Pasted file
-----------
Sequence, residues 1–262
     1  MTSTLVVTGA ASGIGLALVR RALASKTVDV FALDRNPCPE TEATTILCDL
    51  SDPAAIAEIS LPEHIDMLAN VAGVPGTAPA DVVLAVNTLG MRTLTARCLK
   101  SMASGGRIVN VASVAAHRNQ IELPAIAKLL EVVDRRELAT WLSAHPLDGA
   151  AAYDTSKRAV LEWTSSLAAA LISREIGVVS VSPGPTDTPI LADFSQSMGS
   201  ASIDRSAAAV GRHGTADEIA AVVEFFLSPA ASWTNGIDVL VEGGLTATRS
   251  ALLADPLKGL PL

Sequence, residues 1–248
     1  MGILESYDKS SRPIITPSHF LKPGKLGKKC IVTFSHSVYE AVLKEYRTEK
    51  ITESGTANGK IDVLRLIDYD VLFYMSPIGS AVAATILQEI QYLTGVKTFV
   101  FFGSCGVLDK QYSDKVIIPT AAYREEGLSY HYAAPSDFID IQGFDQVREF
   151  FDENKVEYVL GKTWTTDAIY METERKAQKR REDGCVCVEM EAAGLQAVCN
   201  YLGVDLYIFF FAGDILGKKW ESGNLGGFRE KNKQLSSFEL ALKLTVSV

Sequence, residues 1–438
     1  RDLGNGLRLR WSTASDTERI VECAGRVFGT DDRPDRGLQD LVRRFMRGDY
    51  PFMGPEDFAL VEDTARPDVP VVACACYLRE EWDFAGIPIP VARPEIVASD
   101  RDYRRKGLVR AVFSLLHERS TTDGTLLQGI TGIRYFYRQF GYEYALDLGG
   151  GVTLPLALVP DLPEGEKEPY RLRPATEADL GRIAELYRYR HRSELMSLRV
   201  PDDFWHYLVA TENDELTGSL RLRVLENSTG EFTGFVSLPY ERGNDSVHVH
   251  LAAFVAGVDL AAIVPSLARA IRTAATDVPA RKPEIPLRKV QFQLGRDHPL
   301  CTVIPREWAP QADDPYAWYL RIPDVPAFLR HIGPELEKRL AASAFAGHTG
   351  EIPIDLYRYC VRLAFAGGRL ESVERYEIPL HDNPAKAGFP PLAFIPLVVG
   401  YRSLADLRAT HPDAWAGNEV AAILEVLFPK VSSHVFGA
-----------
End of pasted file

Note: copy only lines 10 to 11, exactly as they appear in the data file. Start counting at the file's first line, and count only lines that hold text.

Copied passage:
    51  ITESGTANGK IDVLRLIDYD VLFYMSPIGS AVAATILQEI QYLTGVKTFV
   101  FFGSCGVLDK QYSDKVIIPT AAYREEGLSY HYAAPSDFID IQGFDQVREF